It’s usually important to watch your spelling – Don’t lose a letter


Sometimes one letter can make a world of difference. Take the Yucca plant (Yucca filamentosa) for example. It is a common landscape plant for dry areas. You see it a lot in old cemeteries.  Some confuse it with the yuca, a cultivated cassava root found in grocery stores.

So what’s the problem? Yuca root is a major staple in tropical diets. Raw, it contains cyanide compounds. Don’t consume raw yuca root. When cooked it is used to make one of my favorite desserts, tapioca pudding. Some people like the roots cut in chips and fried. Others like them steamed, boiled or baked. Don’t plan on growing any around here as yuca is strictly a tropical plant.

Yucca is a relative of the agave plant used to make tequila. Roots have bitter chemicals called saponins in them. They are poisonous but make a good soap. Don’t dig them out of your landscaping and think they are the same thing. Prolonged cooking reduces toxic properties, but doesn’t increase palatability enough for table use. There are about 40 species of these tough sharp-leaved plants, but none have edible roots. They aren’t even remotely related to what you see in the store.

Above ground parts of the yucca plants have numerous uses. Flowers are edible but benefit from cooking. Leaves can be pounded and the fibers used to make rope. The sweet fruits are edible, but they have very strong laxative qualities.

Yuccas are great for landscaping in areas where water shortage is common. They are also superb where deer are a problem. Pets rarely tear them up either as leaves are usually tipped with sharp spines. They also require practically no maintenance, which is probably why we still see remnants from abandoned cemeteries over a hundred years old.

Plants produce large sprays of sword-shaped leaves that radiate from the central stem. Some stay low to the ground and others get quite tall with upright heavy stems. Leaves are usually bright green as few diseases affect these tough plants except on wet soils.

Yuccas have fragrant blooms in spring and early summer. The flower cluster is usually large. Many are more than three feet long and nearly as wide. Individual flowers are cream colored and about two inches long. Shaped something like tulips, they have six petals that face downward. Plants can grow quite well in shade but they require full sun to bloom.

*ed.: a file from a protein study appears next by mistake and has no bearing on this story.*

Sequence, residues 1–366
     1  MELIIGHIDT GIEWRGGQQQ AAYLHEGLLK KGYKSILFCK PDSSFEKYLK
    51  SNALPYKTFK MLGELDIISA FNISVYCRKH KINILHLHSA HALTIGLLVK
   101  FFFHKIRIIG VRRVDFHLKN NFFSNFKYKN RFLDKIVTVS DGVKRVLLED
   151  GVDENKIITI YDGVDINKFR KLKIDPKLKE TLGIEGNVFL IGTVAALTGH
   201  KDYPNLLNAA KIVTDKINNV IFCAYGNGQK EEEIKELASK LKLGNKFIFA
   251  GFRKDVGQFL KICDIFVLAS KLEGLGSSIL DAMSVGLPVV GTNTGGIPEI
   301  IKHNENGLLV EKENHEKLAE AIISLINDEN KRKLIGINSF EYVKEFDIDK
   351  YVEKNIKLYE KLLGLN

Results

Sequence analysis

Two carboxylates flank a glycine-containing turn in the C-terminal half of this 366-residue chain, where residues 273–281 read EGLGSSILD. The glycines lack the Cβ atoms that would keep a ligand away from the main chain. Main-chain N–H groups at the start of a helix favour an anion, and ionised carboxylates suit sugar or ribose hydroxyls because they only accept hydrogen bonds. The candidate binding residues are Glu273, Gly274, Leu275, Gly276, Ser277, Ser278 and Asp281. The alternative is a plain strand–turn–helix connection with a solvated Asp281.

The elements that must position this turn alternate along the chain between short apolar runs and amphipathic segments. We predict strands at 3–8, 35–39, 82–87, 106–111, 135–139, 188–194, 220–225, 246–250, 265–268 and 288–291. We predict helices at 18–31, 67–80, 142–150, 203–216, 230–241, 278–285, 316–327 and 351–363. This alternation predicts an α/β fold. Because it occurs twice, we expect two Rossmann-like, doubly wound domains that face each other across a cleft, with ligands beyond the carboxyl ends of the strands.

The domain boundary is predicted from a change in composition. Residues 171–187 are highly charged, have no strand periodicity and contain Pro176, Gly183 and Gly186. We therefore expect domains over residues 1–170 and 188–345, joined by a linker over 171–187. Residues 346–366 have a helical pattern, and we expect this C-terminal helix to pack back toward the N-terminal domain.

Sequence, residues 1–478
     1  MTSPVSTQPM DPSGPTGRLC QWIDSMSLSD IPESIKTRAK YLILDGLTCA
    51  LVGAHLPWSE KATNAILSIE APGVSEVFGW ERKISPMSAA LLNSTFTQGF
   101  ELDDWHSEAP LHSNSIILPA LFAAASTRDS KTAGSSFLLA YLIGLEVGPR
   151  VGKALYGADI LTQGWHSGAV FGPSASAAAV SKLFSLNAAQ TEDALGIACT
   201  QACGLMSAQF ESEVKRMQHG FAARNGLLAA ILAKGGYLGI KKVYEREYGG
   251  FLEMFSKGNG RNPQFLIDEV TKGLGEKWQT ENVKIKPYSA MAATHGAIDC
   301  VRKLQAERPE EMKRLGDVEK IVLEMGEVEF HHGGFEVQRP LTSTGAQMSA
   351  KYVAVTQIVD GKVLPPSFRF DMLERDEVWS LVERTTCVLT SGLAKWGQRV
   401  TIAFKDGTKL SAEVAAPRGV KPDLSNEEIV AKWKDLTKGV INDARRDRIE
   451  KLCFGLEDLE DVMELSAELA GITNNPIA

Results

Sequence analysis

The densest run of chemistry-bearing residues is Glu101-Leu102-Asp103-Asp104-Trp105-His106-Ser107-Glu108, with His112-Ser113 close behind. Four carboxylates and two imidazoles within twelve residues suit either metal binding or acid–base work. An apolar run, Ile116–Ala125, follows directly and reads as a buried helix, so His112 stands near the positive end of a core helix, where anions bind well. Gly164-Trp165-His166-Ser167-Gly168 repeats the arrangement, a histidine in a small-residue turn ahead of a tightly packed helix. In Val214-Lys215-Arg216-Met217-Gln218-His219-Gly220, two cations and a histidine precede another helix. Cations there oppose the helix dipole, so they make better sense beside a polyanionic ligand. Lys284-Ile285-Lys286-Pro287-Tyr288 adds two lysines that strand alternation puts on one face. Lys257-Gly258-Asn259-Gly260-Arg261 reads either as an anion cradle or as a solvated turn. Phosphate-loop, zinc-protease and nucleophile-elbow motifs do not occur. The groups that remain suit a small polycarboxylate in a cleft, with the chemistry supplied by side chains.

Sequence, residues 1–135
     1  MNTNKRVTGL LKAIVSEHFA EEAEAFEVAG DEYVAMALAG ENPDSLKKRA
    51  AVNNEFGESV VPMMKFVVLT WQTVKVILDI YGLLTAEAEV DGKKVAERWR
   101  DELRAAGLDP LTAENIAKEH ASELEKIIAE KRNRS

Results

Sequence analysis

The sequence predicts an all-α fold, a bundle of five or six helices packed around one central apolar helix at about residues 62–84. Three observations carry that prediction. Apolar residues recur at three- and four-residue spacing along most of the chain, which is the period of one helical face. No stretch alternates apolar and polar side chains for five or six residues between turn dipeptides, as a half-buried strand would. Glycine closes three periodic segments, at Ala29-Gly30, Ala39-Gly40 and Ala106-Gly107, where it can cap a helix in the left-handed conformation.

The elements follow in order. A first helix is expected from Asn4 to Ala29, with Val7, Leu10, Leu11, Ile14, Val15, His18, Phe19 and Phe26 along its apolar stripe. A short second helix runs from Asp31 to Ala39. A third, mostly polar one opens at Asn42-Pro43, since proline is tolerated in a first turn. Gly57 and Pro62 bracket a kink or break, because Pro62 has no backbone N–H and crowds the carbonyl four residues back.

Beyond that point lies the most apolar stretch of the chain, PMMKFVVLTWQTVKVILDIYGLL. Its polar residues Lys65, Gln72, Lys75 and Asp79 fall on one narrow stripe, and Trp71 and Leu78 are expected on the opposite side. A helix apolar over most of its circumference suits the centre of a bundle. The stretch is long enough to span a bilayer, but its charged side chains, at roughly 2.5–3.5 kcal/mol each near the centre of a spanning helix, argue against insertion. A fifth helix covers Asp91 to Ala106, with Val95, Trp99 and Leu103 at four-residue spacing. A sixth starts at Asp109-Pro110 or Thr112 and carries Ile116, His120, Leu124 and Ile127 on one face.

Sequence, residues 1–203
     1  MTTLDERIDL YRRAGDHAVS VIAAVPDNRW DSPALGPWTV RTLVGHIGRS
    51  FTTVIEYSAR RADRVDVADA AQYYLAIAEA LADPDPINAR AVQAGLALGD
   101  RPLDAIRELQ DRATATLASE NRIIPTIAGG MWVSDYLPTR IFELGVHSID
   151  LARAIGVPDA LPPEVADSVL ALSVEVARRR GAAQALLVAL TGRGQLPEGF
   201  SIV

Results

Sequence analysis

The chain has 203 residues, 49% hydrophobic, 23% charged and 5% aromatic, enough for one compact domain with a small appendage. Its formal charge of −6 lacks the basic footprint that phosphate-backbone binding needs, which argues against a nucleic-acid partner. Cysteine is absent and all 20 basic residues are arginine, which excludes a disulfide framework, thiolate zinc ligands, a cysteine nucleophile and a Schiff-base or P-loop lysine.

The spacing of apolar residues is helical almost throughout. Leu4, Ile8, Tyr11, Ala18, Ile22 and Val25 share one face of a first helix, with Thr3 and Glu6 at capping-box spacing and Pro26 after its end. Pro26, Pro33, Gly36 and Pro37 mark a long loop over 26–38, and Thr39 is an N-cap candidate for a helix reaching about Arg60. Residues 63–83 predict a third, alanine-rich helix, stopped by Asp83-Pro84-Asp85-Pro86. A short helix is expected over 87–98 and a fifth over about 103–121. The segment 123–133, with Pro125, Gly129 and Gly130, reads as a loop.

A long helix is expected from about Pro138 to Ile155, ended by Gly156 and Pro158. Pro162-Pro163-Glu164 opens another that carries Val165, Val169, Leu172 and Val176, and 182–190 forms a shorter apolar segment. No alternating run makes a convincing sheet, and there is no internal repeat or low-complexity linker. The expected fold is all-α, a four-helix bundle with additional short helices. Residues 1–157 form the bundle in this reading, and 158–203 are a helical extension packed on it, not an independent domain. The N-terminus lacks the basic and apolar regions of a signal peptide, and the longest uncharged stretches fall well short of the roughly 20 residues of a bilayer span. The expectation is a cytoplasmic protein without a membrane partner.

Yucca extracts are part of many holistic medicines to treat a variety of ailments. Joint inflammation is probably the most common use. Some preparations claim to be effective for treating migraine headaches, colitis, ulcers, gout, and hypertension. Other sources suggest yucca preparations are effective for preventing of blood clots and for liver, kidney and gallbladder problems.

These extracts are derived from root tissue, so I would suggest caution. Overuse of saponins (chemicals largely responsible for the positive results) isn’t healthy. Always check with your health professional before using these formulations and don’t try to make them yourself. Also, when trying anything new, check your spelling.
 

Large Yucca on the side of the road in eastern North Carolina in late January

Large Yucca on the side of the road in eastern North Carolina in late January

Young yucca in a landscape

Young yucca in a landscape

Ted Manzer teaches agriculture at Northeastern High School.

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About tedmanzer

I grew up in Old Town Maine and got a B.S. at the University of Maine in Plant Sciences/ minor in Botany. From there I moved to West Virginia and earned a M.S. in Agronomy at WVU. I also met my wife there. She grew up in rural WV as the daughter of tenant farmers who raised cattle and hogs. Their lifestyle at times was one of subsistence and I learned a lot from them. I've always been a foraging buff, but combining my formal botanical knowledge with their practical 'Foxfire-type' background opened up my eyes a little more. I now teach agriculture to high school students at Northeastern High School in Elizabeth City, NC. My wife teaches with me and we make a great team. I also write a weekly nature/foraging column for the local paper (dailyadvance.com) and frequently publish articles in several other newspapers in northeastern North Carolina. I also have written several Christian nature/adventure novels that I plan to publish eventually. One is a five book family saga I call the 'Forgotten Virtues' series. In the first book, Never Alone, a young boy comes of age after his father dies in a plane crash, and he has to make it alone. Never Alone is now available in paperback, Kindle and Nook. The second book, Strange Courage, takes Carl from his High School graduation to his recovery from a nasty divorce. The third book, Second Chances, takes Carl from his ex-wife's death and the custody of his son to his heroic death at age 59. The fourth book, Promises Kept, depicts how his grandchildren react and adjust to his death. In the final book, Grandfather's Way, his youngest and most timid granddaughter emerges from the shadow of her overachieving family and accomplishes more in four months than most do in a lifetime. I use many foraging references with a lot of the plants I profile in these articles in those books.
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